Saturday, August 28, 2004

Enhanced patent scrutiny in China bad for Big Pharma?

Pfizer is "extremely disheartened" by the decision revoking the patent on Viagra in China and will appeal, the New York-based company said in Beijing. The patent remains in force during the appeal.

China's pharmaceutical industry had attracted $2 billion in investment in about 1,800 ventures by the start of 2004 according to the country's State Food and Drug Administration. Of the 25 leading multinationals, 20 are represented, including AstraZeneca, Roche Holding and Novartis.

According to Janice Mueller, an intellectual property professor now at the University of Pittsburgh, the patent lawsuits are a "healthy development" because they show Chinese companies are starting to play by global trade rules. She continued: "Rather than willfully infringe the patents, as Chinese firms have notoriously done in the past, these firms have mounted what appears to be a legal challenge. The U.S. wants other countries to play by our intellectual property rules; that seems to be exactly what is taking place here."

This analysis may be questioned. In two recent determinations, somewhat hypertechnical rules were applied, suggesting that patent protection in China may be weak.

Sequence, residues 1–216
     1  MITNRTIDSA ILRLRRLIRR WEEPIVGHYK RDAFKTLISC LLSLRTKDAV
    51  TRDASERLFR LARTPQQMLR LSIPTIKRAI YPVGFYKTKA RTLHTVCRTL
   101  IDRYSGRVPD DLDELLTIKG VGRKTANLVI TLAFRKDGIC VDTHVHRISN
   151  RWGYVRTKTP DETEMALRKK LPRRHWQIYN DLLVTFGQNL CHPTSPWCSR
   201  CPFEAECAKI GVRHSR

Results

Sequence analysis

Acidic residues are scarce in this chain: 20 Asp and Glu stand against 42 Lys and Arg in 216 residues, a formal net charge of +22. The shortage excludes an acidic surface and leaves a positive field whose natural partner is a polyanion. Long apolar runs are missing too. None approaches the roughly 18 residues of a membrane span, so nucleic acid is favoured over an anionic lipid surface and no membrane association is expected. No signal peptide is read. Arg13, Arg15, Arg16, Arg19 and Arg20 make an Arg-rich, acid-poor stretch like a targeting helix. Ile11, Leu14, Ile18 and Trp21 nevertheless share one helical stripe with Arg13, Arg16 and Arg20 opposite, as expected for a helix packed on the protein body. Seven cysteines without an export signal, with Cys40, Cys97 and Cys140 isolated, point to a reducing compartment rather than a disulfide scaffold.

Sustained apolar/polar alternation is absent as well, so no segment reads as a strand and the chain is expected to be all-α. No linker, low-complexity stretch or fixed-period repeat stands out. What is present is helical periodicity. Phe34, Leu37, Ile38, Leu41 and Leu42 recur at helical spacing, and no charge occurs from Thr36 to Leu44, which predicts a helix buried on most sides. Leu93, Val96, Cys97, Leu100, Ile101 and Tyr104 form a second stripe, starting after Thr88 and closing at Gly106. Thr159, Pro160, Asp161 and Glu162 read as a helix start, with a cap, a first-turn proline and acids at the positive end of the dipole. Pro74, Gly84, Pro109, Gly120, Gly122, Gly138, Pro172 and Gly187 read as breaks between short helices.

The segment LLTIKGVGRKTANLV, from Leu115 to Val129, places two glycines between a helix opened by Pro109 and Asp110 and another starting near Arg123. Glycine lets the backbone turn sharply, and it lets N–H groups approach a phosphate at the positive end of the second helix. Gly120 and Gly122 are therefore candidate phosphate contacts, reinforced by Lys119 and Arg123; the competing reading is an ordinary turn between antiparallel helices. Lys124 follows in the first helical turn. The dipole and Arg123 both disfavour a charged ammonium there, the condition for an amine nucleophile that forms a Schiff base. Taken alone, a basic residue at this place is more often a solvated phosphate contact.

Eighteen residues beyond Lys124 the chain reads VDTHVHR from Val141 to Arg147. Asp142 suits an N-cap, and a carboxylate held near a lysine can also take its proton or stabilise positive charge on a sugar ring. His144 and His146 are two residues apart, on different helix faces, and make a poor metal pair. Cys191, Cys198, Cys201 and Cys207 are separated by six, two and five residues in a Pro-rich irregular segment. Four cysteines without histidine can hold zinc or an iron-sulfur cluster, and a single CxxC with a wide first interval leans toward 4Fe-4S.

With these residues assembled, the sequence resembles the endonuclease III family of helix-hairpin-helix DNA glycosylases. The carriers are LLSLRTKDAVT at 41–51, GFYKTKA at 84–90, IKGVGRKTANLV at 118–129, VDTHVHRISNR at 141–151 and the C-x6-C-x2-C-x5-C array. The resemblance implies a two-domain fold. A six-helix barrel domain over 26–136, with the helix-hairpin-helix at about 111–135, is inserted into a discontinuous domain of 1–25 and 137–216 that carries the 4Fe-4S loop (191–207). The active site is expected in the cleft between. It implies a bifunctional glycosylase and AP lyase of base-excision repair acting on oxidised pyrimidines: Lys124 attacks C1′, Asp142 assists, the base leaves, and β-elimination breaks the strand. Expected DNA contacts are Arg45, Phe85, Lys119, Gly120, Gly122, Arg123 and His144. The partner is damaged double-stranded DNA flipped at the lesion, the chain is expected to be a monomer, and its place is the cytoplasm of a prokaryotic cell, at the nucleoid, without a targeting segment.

The issue in the Viagra case was that Pfizer failed to prove in its Viagra application that a key ingredient, sildenafil, was the primary factor in preventing erectile disfunction. Pfizer's 20-year local patent for Viagra, granted in 1994, is in force pending the appeal.

In a different case on the drug Avandia, prior art in the form of a 1995 article in the U.S. Journal of Clinical Pharmacology showing that rosiglitazone, one of three patented ingredients in the drug, was used to show that the scientific knowledge was already in the public domain. (Avandia, which reduces the body's resistance to insulin, is priced at 90 yuan, or $11, for seven pills in Shanghai.
[In the U.S., one can obtain valid patent protection on a combination of KNOWN ingredients for a drug, provided the combination was not known.]

There is a chance that a perception by Big Pharma of weaker patent protection (in the form of easily obtained determinations of invalidity) may prompt overseas companies to reduce investment.


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